I don't know why accessing an uninitialised array would be undefined. I understand indeterminate but not undefined. I don't understand traps by just looking at it either. I'm not sure why I would be able to write to it but not read from it at all. If I can write to it, why can't I read garbage values from it willingly?

I asked someone why it was undefined and they said to me that the OS only gives memory to a variable when it has a value otherwise nothing happens :S

Thank you for your replies.

Edited 2 Years Ago by triumphost

I don't mind indeterminate values at all if I access an array with no initial value. I just don't want my program crashing because of some undefined behaviour that I don't understand.

Those two sentences are contradictory.

I don't understand traps by just looking at it either.

Imagine calling abort, but without the happy result for a user. ;) I wouldn't wish troubleshooting a trap representation on even the worst of my enemies.

I asked someone why it was undefined and they said to me that the OS only gives memory to a variable when it has a value otherwise nothing happens :S

Wow, that was a stupid answer. Whoever told you that is quite confused. You get memory, you just can't necessarily predict the contents of that memory.

The contents of the array are indeterminate, which is the "official" reason for the undefined behavior.

There is obviously a gray zone between indeterminate values and undefined behavior. If it wasn't for trap representations (which I doubt still exist on any hardware at all), there would really be no reason why reading a variable of indeterminate value would cause undefined behavior. It might be the case that, very strictly-speaking, this is UB, but certainly not in practice.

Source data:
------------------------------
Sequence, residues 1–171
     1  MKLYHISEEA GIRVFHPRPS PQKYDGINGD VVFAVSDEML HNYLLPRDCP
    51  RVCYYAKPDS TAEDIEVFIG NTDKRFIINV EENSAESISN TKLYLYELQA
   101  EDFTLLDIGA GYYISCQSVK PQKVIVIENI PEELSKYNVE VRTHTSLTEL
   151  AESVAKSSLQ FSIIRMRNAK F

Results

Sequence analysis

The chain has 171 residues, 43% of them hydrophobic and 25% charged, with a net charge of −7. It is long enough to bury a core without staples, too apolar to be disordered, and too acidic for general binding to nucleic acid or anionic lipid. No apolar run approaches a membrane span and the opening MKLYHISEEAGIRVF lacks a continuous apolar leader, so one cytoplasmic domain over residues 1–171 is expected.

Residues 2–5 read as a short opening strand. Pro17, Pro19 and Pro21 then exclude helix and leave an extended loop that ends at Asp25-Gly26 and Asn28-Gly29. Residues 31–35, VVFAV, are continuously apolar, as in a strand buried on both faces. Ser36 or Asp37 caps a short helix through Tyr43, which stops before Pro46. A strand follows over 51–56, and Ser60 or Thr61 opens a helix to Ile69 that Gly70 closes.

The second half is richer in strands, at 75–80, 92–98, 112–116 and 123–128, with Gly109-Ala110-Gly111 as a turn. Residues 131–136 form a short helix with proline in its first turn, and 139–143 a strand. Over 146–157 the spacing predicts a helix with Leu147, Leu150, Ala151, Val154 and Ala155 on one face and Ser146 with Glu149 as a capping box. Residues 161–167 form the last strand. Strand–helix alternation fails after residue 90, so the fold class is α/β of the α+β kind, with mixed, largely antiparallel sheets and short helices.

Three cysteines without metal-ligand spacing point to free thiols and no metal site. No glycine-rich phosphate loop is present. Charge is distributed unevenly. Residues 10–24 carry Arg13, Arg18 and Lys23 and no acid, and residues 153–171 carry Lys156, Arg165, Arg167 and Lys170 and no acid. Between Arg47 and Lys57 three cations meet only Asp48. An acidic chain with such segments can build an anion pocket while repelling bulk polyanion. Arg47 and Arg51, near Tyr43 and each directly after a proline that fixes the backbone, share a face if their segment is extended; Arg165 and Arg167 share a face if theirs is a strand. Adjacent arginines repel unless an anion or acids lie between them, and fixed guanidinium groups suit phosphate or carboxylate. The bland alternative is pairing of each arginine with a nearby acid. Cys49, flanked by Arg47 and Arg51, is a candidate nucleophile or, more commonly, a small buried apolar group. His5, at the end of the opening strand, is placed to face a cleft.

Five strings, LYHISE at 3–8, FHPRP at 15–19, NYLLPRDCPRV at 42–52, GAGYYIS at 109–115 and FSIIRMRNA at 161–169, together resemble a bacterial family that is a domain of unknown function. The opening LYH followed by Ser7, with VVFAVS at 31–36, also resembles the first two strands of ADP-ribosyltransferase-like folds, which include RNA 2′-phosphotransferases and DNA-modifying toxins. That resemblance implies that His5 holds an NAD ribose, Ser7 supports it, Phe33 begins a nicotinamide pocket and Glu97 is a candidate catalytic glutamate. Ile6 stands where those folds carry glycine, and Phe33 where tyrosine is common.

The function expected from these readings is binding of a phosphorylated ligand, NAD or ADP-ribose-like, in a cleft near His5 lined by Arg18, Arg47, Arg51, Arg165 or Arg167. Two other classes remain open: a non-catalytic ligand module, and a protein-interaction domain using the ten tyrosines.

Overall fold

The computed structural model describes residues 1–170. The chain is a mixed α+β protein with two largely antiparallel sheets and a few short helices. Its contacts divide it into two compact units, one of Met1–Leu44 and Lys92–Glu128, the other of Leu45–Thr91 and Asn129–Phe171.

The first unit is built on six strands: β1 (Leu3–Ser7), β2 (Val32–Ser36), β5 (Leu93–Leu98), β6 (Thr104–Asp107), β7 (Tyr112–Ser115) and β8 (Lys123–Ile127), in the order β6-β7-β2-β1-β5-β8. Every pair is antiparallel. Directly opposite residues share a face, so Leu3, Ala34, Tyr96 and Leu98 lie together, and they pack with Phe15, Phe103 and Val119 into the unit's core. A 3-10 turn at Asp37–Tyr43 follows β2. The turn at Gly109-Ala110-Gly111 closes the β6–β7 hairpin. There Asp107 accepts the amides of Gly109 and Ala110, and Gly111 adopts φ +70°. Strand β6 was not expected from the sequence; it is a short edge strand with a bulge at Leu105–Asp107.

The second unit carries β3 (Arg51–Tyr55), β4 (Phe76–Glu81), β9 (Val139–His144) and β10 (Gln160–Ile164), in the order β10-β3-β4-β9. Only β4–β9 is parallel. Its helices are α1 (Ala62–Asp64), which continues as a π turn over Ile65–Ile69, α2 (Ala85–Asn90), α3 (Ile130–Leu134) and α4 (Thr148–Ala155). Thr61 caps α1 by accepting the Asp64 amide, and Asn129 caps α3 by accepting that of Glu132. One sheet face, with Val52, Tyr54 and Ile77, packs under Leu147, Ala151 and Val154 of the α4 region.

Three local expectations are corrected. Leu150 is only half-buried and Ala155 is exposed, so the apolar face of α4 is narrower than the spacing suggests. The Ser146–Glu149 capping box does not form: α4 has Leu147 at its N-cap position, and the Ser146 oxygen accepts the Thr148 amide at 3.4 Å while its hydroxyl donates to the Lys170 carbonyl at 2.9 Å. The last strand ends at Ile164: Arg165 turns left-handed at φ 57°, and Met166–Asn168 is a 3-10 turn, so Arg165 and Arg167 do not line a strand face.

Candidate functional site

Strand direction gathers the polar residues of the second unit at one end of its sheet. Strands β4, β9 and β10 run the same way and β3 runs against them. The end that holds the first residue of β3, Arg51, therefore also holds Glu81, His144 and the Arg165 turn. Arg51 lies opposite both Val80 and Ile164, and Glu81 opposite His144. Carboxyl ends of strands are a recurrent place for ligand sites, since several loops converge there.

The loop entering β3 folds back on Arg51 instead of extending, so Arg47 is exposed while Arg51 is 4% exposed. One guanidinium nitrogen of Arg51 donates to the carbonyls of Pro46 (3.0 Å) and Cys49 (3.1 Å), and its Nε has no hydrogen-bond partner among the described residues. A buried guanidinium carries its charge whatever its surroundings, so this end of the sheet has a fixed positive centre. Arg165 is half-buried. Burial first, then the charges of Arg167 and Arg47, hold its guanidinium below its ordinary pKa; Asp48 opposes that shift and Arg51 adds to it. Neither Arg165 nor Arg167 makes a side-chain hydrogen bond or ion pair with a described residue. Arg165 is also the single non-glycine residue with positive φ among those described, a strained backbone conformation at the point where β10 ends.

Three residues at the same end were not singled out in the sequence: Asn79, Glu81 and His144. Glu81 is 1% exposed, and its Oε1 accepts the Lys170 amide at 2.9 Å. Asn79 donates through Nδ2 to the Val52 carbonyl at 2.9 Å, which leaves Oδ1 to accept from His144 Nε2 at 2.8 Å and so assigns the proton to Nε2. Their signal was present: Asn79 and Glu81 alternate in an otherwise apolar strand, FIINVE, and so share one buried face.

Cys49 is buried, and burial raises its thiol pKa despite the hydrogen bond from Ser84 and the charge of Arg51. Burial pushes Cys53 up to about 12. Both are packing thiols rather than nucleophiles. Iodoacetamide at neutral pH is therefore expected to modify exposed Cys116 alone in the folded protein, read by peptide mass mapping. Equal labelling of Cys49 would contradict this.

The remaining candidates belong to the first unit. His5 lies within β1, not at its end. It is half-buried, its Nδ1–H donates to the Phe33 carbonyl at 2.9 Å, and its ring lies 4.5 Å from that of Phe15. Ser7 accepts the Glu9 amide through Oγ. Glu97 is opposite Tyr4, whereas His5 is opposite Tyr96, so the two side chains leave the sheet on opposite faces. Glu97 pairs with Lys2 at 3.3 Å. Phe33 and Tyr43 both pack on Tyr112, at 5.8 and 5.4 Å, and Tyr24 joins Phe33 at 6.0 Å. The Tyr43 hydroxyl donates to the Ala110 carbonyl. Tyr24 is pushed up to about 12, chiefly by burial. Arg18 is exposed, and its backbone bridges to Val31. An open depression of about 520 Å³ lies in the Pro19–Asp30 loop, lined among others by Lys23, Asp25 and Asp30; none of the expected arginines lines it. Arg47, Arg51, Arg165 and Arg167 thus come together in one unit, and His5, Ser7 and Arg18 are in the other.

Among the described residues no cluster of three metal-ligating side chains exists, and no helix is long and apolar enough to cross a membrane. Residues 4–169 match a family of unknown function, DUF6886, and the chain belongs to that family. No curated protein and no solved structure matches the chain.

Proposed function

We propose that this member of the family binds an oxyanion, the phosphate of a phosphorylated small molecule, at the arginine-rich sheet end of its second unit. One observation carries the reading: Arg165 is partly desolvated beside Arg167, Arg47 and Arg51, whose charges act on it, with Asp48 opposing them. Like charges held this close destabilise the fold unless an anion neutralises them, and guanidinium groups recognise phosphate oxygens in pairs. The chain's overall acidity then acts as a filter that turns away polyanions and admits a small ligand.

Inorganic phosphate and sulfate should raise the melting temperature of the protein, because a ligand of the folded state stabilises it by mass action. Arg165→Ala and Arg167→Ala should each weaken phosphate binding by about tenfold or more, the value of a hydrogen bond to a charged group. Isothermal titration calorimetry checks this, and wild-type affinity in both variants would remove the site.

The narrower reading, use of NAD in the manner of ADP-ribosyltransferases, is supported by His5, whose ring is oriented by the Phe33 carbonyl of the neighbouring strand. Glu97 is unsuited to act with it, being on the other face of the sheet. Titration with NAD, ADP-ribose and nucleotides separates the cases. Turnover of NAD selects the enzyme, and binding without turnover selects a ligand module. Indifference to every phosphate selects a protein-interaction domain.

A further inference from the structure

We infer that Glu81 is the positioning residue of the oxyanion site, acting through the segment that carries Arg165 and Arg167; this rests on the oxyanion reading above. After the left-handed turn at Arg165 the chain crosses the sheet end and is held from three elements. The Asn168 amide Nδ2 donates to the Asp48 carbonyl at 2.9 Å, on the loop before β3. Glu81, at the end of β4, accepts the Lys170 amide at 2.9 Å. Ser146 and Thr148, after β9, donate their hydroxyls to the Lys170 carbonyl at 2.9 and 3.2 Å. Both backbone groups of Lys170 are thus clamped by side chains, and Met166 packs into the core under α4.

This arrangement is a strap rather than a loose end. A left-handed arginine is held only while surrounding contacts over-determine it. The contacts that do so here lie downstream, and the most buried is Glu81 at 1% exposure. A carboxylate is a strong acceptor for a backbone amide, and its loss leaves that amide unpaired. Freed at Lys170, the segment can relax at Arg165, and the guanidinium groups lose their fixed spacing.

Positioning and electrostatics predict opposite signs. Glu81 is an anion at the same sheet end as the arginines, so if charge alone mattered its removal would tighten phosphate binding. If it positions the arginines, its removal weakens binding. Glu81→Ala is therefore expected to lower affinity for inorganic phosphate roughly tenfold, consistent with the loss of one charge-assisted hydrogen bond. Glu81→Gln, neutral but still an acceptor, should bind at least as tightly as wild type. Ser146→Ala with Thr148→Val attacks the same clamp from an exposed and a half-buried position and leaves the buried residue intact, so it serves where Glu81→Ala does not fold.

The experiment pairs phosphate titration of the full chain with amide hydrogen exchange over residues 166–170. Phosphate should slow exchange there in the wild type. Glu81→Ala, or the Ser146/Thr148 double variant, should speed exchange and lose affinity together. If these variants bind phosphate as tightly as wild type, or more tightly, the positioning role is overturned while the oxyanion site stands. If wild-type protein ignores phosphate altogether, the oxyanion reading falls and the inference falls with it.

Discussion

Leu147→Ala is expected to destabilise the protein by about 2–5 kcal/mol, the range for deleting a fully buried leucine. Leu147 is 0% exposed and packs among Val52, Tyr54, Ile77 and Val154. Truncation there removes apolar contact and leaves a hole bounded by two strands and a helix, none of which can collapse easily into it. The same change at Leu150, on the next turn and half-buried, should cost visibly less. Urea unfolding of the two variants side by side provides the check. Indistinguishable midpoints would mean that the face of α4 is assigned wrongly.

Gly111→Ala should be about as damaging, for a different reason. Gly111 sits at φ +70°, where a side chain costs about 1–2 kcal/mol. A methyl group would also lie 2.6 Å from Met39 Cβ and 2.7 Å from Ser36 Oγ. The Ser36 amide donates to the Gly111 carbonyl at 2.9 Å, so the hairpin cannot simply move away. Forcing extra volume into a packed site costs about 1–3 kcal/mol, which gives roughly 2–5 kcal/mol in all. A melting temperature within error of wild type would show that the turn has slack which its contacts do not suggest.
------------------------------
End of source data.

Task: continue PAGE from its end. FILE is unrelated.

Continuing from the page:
And from what I have read on trap representations (which I just learned about in this thread), it seems that (1) in C++, trap representations only apply to floating-point numbers, and that (2) any IEEE-compliant processor must not have trap representations on floating-point numbers. And also, even C99 integer trap representations seem so rare that even the committee members looked for example architectures and could not find any. I think that the standards (C/C++) could be re-worded to say that it is well-defined behavior to read an indeterminate value (such as an uninitialized variable), and it would not change anything at all for any implementation or architectures that anyone still uses (it seems the last processor to have a trap representation on floating point numbers was an old DSP chip from the 80s).

Is there any other reason why reading a indeterminate value would be undefined behavior?

I don't mind indeterminate values at all if I access an array with no initial value. I just don't want my program crashing because of some undefined behaviour that I don't understand.

Those two sentences are contradictory.

I don't see a contradiction at all. There is a huge difference between UB and a garbage value. I can certainly understand the OP's concerns about wanting to know if it is one way or the other. UB means, ridiculously-speaking, that your computer could spit out a ham sandwich, for all we know. But a garbage value is just a garbage value. I could easily think of examples where garbage values would not be a big problem (e.g., doing block copy of a partially initialized memory buffer over a network or file, not caring for the excess "junk" data, as long as reading it is not UB).

the OS only gives memory to a variable when it has a value

Whoever told you that is quite confused.

That person almost seems to describe a pure functional programming language, where values and variables are one and the same, i.e., a variable comes into existence when a value comes into existence, and then, it never changes. Anyways, that's not relevant here.